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Special Senate election: More candidates



Spotlight on New Jersey: Steve Lonegan

The special Senate election in New Jersey might be more interesting than anyone suspected. Here’s the latest on why we might (or might not) need a special Senate election, who might run in it, and whom Governor Chris Christie will send to the Senate in the meantime.

Mr. Ciesa goes to Washington

Today, at about 1:45 p.m., Governor Christie named his attorney general, Jeffrey Ciesa, as interim US senator. (Jenna Portnoy and Paul Mulshine at The Star-Ledger of Newark covered Christie’s press conference.) To understand how shrewd a move this was, remember: Jeff Ciesa has worked with and for Chris Christie for twenty-two years. Jenna Portnoy traces their relationship: from associates at the law firm of Dughi and Hewit in Cranford (1991), to the Office of the US Attorney for New Jersey (2002-2009), then as chief counsel to the governor, and more recently as attorney general of New Jersey.

Mr. Ciesa will not try to qualify for the primary for the special Senate election. So he will not compete or “split the vote” with Steve Lonegan (or anyone else). Paul Mulshine took pains to point that out.

Why hold a special Senate election?

Chris Christie called a special Senate election for his own benefit. Or did he?

New Jersey Governor Chris Christie at a town hall meeting in Union City, New Jersey, February 9, 2011. The woman in blue seated behind him to the right is New Jersey Lieutenant Governor Kim Guadagno. Seated in the left hand corner are (left to right) Hoboken Mayor Dawn Zimmer (partially obscured by the podium), and Union City Commissioners Maryuri Martinetti and Tilo Rivas. Photograph: Luigi Novi, CC BY 3.0 Unported License.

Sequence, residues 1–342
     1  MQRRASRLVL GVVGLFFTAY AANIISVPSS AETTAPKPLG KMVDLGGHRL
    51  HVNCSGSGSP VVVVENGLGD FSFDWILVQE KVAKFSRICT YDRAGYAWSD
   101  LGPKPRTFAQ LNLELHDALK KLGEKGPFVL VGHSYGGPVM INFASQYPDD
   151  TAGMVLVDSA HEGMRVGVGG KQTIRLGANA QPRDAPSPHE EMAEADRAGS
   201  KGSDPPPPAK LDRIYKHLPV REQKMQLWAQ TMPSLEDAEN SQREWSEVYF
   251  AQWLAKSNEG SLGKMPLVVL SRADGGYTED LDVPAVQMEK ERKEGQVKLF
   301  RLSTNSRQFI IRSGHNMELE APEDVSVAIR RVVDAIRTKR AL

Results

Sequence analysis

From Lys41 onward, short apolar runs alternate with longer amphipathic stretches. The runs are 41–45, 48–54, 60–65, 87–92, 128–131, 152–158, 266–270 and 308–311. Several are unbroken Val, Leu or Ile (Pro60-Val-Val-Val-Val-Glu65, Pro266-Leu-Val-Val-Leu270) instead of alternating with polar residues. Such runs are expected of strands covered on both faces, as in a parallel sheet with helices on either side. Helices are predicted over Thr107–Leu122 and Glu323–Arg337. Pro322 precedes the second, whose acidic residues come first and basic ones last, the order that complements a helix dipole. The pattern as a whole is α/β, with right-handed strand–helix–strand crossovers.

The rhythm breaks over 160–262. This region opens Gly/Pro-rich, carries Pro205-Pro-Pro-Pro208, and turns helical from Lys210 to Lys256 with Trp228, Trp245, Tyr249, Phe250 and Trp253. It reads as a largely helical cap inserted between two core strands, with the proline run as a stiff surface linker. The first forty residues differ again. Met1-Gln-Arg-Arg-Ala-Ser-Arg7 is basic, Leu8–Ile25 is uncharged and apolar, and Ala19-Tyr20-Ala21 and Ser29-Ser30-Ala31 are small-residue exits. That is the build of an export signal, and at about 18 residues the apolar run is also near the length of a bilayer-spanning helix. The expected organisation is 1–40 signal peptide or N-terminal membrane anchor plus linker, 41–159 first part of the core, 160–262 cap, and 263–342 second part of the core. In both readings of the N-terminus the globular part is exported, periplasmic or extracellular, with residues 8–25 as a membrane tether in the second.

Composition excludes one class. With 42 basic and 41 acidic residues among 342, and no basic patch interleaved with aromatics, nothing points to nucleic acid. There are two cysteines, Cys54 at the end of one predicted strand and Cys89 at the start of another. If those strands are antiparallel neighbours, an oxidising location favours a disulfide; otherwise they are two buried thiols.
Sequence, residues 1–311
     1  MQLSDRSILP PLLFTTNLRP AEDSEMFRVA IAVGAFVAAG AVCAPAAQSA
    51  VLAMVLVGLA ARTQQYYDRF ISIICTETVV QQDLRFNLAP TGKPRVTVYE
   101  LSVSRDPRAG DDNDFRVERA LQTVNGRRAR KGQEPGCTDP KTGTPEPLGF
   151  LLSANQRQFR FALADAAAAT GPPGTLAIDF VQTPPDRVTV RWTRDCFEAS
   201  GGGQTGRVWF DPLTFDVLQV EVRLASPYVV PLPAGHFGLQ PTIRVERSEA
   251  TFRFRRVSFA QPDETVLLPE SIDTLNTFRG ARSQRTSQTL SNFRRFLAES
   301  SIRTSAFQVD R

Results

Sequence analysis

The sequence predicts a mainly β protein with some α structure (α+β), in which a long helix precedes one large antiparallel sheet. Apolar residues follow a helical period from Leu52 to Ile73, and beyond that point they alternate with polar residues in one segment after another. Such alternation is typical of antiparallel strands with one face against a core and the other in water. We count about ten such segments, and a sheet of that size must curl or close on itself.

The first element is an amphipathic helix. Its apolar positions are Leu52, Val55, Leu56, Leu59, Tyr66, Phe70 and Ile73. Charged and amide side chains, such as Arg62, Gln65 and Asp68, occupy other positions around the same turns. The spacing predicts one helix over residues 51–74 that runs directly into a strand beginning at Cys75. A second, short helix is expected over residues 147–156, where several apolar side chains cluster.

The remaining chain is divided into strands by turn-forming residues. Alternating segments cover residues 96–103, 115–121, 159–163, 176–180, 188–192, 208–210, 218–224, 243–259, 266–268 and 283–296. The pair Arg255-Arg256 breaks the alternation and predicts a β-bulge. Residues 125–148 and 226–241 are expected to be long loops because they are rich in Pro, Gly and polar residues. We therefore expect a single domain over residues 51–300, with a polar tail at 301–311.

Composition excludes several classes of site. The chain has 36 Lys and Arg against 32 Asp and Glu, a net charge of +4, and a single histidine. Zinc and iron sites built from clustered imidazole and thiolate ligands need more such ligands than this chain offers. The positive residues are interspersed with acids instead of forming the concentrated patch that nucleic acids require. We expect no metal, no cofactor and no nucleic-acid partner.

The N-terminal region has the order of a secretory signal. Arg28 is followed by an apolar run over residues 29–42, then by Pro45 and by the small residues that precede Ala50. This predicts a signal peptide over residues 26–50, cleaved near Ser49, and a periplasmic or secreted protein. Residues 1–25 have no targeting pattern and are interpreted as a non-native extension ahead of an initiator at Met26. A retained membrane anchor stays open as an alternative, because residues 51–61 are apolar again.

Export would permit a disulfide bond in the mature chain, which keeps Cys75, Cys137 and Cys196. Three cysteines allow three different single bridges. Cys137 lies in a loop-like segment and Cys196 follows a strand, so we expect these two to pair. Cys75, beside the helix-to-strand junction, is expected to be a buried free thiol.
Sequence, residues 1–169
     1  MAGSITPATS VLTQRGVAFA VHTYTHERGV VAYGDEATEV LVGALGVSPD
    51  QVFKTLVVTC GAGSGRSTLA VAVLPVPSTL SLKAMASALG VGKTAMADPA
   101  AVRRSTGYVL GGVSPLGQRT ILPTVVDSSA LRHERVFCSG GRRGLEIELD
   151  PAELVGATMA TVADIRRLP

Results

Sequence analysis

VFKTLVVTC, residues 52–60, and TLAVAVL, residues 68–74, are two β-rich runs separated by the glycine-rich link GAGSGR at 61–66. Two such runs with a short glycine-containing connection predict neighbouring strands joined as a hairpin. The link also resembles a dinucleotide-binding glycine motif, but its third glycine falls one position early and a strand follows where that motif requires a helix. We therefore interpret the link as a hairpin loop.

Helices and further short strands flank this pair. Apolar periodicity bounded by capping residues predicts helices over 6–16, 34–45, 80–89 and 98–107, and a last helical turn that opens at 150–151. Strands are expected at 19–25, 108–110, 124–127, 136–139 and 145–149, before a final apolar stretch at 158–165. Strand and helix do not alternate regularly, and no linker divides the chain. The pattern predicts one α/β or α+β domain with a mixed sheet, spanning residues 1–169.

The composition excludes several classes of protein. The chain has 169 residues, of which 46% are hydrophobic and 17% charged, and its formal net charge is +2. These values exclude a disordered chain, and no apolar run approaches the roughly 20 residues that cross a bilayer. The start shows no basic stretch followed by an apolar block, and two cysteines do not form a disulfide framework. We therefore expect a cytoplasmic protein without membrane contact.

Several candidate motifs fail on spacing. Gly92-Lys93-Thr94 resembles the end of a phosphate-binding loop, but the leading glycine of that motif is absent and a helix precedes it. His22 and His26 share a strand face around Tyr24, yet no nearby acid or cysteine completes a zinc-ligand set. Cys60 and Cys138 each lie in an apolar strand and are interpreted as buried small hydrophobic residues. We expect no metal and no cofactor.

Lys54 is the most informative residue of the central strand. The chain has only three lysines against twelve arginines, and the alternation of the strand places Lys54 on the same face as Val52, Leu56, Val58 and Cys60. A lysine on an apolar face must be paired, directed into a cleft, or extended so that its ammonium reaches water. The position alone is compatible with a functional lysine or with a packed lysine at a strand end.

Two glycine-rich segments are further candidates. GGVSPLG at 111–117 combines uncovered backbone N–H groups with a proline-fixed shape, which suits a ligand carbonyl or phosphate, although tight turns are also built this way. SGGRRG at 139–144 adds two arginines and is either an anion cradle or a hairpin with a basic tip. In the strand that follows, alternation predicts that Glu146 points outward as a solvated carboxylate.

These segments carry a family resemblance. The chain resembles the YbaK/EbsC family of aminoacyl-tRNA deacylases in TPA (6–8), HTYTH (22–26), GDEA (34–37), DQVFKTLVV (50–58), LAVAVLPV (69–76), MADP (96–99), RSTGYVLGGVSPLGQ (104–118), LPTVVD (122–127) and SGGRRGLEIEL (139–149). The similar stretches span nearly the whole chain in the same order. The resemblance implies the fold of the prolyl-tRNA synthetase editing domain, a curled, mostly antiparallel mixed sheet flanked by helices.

That is a matter of heated dispute. Two of the most prominent Tea Party activists in New Jersey, Dwight Kehoe and Nick Purpura, agree: Chris Christie could and should have named a prominent conservative as interim Senator for eighteen months. Any Democratic governor, sitting where Christie sits now, would have done the same. Kehoe described an “aggregation of treachery and betrayal” that he says has been going on for eleven years. He pointed out that Frank Lautenberg, who held the Senate seat until he died Monday, only got that seat because the Democrats substituted him for the disgraced Senator Robert G. Torricelli in 2002, though the law said it was too late.

Purpura went further: he called Christie a “Democrat-lite Trojan horse.” Purpura explained his reasoning to CNAV, reasoning that paralleled Kehoe’s. To wit: Barack Obama came to see Christie last weekend. Anyone remotely familiar with the Senate would have known that Frank Lautenberg was critically ill, indeed agonal, even then. Purpura and Kehoe believe Obama gave Christie some sort of marching order: appoint Cory Booker to the Senate from New Jersey.

Whether such a conversation ever took place is speculative. What isn’t speculative is that Christie has lately taken large campaign donations from prominent Democrats and their allies. They include some of Obama’s biggest “bundlers.” They even include George Soros, who once said he would despair of the United States ever being a civilized country if George W. Bush won re-election in 2004. (Bush did, but Soros bided his time.)


Dick Armey of FreedomWorks said much the same. He called Christie “debilitating[ly] stupid.” Said he:

Don’t lose the friends you already have for the friends you’ll never get.

Armey has a point. Barack Obama, we now know, made a deal with Bill Clinton: endorse me, and I’ll let you choose the next Democratic National Chairman and even endorse Hillary Clinton in 2016. Obama then reneged on both deals. If Obama were the only deal-maker, Christie would be a fool to make a deal with him. But Obama is not the only deal-maker. George Soros, some say, outranks him.